QC confirms “as such” will allow software patents – part 2

The first part of this post is here.

Yesterday, top IP lawyer Andrew Brown QC published a very timely article confirming that software patents would still be available in New Zealand if the Patents Bill retains the controversial “as such” proviso. Accordingly, there is no longer any question that “as such” must be removed, if the Government’s intention is to exclude software patents (as it claims).

Assuming that is the case, the rest of Brown QC’s thoughtful and well-referenced discussion on the possible workability of the “as such” proviso in the Bill is perhaps somewhat redundant to the debate, although if the Government does wish to allow software patents to continue – contrary to its stated intention – and thus retains the proviso, then I respectfully agree with Brown QC that UK case law provides a possible “pathway” and “signposts” by which software patents would continue to be granted in New Zealand.

Unfortunately, Brown QC’s article contains several unrelated (and in context, minor) errors which I must address given that I have referred to the article.

First, regarding the industry-supported amendment (which I will refer by its official name, SOP 123), the article says:

The open source group has strongly argued against this wording – contending instead that any “carve out” from the ban on computer programs should be limited to embedded software.

… The open source group has been seeking what they hope is a narrow exception to the ban on computer programs i.e. embedded computer programs only

This is incorrect. No “carve out” or “narrow exception” for patents on embedded software has been proposed by the petition or SOP 123. What is sought is an exclusion on all software. For clarity, I set out what will be the full clause 10A, if SOP 123 is adopted:

10A Computer programs

(1) A computer program is not an invention for the purposes of this Act.

(2) Subsection (1) does not prevent an invention that makes use of an embedded computer program from being patentable.

Under this putative clause 10A, no software is patentable, full-stop. That is what sub-clause (1) achieves, and what the petition has called for. Sub-clause (2) does not limit clause sub-clause (1). It simply ensures that an invention (which software cannot be, per sub-clause (1)) that makes use of embedded software is not somehow excluded by virtue of sub-clause (1) (which is what the Minister said the current clause 10A(2) was supposed to do). Thus, contrary to the article, there is no “narrow exception” or “carve out from the ban on computer programs” in either sub-clauses (1) or (2). All software is caught by the exclusion in sub-clause (1) – clear, simple, and industry-supported.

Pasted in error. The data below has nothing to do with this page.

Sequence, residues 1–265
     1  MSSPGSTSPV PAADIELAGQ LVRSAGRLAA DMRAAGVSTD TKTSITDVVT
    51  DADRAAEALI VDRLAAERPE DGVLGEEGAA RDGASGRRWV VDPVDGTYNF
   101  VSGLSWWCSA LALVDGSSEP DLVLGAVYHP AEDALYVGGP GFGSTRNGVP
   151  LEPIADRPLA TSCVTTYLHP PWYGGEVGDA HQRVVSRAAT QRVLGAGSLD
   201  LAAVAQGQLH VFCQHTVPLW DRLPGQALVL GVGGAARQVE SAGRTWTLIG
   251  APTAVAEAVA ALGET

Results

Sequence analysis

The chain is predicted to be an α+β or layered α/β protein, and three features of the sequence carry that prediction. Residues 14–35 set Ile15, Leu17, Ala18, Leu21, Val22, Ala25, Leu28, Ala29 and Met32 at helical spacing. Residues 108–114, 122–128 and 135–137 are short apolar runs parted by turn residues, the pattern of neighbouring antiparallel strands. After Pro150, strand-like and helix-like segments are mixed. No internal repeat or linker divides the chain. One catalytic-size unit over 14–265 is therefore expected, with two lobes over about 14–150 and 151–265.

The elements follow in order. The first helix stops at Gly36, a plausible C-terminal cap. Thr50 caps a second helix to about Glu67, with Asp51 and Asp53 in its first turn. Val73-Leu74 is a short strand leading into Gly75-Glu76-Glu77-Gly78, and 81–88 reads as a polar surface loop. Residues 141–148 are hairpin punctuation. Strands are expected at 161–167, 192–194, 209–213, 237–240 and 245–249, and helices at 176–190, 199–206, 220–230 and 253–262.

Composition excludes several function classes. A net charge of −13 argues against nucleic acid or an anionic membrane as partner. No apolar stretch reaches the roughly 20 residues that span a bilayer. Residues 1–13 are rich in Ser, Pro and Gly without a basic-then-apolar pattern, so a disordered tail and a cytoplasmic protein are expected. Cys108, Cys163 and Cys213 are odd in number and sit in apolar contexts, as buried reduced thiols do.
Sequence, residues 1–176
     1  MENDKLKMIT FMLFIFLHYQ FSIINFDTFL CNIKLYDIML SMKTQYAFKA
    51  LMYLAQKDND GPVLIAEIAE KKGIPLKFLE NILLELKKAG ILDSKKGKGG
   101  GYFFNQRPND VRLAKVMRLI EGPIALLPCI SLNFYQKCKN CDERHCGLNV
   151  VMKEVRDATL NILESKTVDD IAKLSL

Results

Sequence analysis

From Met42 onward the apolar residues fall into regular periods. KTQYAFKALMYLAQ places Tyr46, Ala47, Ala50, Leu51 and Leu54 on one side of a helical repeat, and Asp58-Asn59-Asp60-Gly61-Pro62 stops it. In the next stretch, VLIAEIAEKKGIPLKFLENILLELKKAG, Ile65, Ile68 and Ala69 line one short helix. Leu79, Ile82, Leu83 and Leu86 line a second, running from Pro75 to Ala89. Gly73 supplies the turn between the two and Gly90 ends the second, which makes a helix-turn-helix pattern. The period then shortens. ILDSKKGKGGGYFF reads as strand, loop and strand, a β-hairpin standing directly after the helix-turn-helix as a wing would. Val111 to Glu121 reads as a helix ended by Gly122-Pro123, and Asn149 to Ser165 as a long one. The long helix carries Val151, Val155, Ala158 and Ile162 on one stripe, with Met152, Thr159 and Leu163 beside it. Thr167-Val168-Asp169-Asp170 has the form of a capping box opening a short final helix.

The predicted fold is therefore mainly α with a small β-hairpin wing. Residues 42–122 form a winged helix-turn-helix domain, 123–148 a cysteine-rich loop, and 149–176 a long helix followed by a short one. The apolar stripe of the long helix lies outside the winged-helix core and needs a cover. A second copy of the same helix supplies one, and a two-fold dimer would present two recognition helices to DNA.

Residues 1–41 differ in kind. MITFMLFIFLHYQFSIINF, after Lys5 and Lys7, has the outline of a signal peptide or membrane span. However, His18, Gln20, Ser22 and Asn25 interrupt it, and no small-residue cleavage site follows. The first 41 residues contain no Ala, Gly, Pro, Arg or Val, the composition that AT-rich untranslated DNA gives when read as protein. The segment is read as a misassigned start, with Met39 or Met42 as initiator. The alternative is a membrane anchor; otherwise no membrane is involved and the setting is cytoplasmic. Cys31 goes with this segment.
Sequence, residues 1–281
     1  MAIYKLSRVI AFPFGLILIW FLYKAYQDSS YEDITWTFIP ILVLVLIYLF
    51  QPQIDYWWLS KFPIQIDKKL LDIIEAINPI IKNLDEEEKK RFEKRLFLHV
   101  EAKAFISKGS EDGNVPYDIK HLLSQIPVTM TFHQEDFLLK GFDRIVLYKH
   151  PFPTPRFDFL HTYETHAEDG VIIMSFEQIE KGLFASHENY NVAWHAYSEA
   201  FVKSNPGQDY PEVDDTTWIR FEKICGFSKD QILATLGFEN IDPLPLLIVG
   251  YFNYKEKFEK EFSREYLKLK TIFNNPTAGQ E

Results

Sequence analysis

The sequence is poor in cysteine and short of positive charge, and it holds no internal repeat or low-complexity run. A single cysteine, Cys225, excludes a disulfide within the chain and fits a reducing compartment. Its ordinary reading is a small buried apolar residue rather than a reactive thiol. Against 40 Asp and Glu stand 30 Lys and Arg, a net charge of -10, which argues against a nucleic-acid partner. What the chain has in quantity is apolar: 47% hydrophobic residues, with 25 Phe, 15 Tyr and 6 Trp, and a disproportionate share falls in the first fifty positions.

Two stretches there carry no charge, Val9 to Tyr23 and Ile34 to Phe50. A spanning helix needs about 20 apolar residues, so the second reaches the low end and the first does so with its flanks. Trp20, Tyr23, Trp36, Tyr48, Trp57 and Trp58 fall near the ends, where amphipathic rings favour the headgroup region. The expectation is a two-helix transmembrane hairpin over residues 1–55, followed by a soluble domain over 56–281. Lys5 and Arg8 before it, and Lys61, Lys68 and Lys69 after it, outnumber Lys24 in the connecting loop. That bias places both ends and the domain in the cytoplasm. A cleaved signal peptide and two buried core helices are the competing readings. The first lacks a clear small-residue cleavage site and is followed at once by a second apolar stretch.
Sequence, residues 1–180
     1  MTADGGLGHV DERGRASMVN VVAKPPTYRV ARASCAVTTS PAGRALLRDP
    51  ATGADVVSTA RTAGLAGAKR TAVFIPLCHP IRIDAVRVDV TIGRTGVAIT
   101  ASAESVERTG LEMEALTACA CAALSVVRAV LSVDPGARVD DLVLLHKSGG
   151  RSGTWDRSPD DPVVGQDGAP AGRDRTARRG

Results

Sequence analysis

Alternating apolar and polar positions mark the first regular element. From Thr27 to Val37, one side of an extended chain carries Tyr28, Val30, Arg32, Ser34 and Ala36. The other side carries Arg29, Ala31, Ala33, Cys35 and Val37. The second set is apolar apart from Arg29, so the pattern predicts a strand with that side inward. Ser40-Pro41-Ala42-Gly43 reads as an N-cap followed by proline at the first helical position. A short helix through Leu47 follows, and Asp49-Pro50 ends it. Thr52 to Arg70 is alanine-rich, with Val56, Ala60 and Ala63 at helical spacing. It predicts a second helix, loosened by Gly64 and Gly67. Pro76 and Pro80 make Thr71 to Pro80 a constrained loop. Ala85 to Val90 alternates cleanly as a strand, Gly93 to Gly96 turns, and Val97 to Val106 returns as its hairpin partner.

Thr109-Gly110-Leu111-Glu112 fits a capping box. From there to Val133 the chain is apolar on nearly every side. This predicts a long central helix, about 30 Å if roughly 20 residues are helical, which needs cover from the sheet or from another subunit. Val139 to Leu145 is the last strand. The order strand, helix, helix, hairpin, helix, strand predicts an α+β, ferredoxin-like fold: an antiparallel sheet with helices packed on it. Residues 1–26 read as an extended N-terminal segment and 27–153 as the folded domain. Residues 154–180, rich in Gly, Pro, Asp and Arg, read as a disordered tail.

Second, and related to the first, the article appears to conflate software, with inventions containing software. For example, it also says that SOP 123 “would, if adopted by Parliament, see patents allowed only for embedded computer programs“. This is incorrect. SOP 123 would not allow patents for any computer programs – see above. But it would allow (or not prevent) patents for inventions that make use of embedded software, providing all other criteria are met. The rationale is obvious: something that is otherwise patentable should not suddenly become unpatentable simply because it makes use of some software (and vice-versa). SOP 123 is therefore completely consistent with the Minister’s own words that “inventions that make use of embedded computer programs will be patentable” (to those who have wondered where the SOP 123 wording came from, there’s your answer – the good Minister himself!).

Third, the article continues what now seems to be a habit of IP lawyers of referring to anyone opposed to software patents as being part of an “open source group” or similar (e.g. see quote above, and here, here, here, here, here, etc). This is incorrect (or not entirely correct), and has been since at least the 2009 Commerce Committee hearings. The petition (on which SOP 123 is based) is indeed supported by the NZ Open Source Society, but also by the Institute of IT Professionals (I am a member), InternetNZ, NZRise and numerous other organisations, including New Zealand’s two largest software exporters, Jade and Orion Health (neither of which to my knowledge are members of any “open source group”, but I am happy to be corrected on that), and personnel from Xero. Dozens of smaller “closed-source” companies and developers have also signed, among over a thousand co-signers, some expressly noting that they are not open source developers. I myself support the petition and SOP 123, and can confirm that I am not now, nor have I ever been, a member of any “open source group”, although I do support some activities of NZOSS.

I add that none of these errors detract from the article’s legal commentary on how a New Zealand Court might interpret the “as such” proviso (if it is retained) to continue granting software patents under the new Act, and may be seen as minor in that context. But given that I have cited the article, it is necessary that I address them.